My struggle is always between when I should be acting like the person I want to be and what parts of myself I should to keep. I recently fell in love with a tiny Greek in a blazer. I also met her girlfriend that night.
Mya Angelou is slightly over rated since slapping her linguistic brilliance on Hallmark cards. You can’t blame her in the least, I would sell my soul to a Hallmark card at this point, but it does create a hipster’s conflict around her undoubted intellectual genius and the retarded likes of consumerism. Many of her words have personally resulted in the definition of who I wish I was as a human. I once heard her tell a story about growing up and moving out of her mother’s house. Her mother had all the financial, emotional and physical room for her. Mya went to her and said that she and her baby boy were leaving. Her mother told her that when she crossed over that door to remember she had been raised. She knew right from wrong and to do right. Her mother left her at the train by telling her she was one of the greatest women she had come to know. Standing along the sides of Eleanor Roosevelt and her own mother. As the years went by Mya went home every time “life held me down and made me call it uncle.” When doctors estimated a short window remaining in her mother’s life, she brought her home to live in her house. She lived for a year and a half. In the end of that Mya said she remembered her mother freeing her years earlier by the train. Telling her to go. Telling her that she had no doubt that she was valuable to others. Telling her she loved her whether she was here, whether she was in China, whether she was in Harlem. She would like to be next to her but in that moment it was not possible, so go, I love you. Love does not bind it liberates.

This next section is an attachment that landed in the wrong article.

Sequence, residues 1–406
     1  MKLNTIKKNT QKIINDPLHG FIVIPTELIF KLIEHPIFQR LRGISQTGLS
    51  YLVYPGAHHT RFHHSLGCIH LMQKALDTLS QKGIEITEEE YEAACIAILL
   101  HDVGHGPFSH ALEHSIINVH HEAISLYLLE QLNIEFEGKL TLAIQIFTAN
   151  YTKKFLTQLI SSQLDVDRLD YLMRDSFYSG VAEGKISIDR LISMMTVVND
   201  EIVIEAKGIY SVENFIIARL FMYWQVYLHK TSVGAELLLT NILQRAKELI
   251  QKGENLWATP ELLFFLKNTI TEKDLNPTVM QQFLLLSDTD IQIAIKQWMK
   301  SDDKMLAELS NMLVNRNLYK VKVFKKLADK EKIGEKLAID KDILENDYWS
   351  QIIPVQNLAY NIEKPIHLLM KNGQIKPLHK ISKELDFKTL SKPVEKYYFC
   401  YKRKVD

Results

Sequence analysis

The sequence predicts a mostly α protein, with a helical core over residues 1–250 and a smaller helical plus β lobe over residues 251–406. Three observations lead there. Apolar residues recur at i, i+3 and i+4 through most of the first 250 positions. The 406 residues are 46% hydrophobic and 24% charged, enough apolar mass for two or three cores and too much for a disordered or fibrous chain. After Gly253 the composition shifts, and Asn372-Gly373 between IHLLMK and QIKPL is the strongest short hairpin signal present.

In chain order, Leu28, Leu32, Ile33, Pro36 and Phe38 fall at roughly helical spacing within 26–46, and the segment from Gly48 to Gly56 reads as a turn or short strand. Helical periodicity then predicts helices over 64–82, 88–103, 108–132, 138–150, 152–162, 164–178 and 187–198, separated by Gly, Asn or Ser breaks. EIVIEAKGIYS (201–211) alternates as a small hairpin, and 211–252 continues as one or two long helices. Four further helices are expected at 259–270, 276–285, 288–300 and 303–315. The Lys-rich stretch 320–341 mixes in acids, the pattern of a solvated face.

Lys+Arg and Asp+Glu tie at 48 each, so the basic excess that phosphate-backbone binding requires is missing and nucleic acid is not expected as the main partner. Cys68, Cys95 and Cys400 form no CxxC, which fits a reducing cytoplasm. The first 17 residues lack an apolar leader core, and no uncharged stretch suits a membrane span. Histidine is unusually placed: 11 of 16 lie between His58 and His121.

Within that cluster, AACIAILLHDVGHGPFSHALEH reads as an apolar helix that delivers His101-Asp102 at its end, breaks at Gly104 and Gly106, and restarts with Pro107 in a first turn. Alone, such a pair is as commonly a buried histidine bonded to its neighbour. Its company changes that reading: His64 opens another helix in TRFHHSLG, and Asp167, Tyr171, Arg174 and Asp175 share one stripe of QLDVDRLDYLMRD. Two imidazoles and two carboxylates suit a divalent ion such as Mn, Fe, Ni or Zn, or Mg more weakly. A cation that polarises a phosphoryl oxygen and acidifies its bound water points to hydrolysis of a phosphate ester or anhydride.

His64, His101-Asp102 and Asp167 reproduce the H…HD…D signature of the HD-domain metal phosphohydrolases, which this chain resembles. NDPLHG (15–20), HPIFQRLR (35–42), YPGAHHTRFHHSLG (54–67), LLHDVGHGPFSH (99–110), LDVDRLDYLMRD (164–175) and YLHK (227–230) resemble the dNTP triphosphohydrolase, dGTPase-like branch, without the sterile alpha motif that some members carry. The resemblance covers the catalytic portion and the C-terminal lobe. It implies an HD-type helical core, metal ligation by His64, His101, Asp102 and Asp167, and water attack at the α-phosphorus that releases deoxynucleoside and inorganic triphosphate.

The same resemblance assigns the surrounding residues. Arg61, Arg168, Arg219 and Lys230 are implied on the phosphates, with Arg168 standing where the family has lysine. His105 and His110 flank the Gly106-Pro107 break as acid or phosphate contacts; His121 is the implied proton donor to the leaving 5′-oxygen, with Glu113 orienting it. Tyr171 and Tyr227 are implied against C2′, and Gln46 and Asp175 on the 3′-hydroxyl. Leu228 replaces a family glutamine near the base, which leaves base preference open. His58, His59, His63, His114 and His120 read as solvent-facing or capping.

She went home that evening and told her mother, as she understood it, some people need permission to go. And if that’s the case here, I liberate you, I love you, go if you need to. Her mother died that night.
How does one remain unconditional and unused?
I am certain of very few things but the things I’m certain of, I have not an ounce of possible doubt. I know it with all of my being.
In my life I’ve sat at two separate bedsides of the dying. I’m on my third now. When I sit there beside Nan I feel washed over by the irenic thought, ‘Go. I love you.’ When I sit beside the tiny Greek, I think, ‘ Fuck. I love you. I would like to be next to you but I love you. I love you if you’re in China, if you’re in Harlem, if you’re in LA, or some other bitch’s bed. But I love you so maybe I should go.’ The next trick is to stop waking up naked in the same bed together. But I am so certain of how good it is.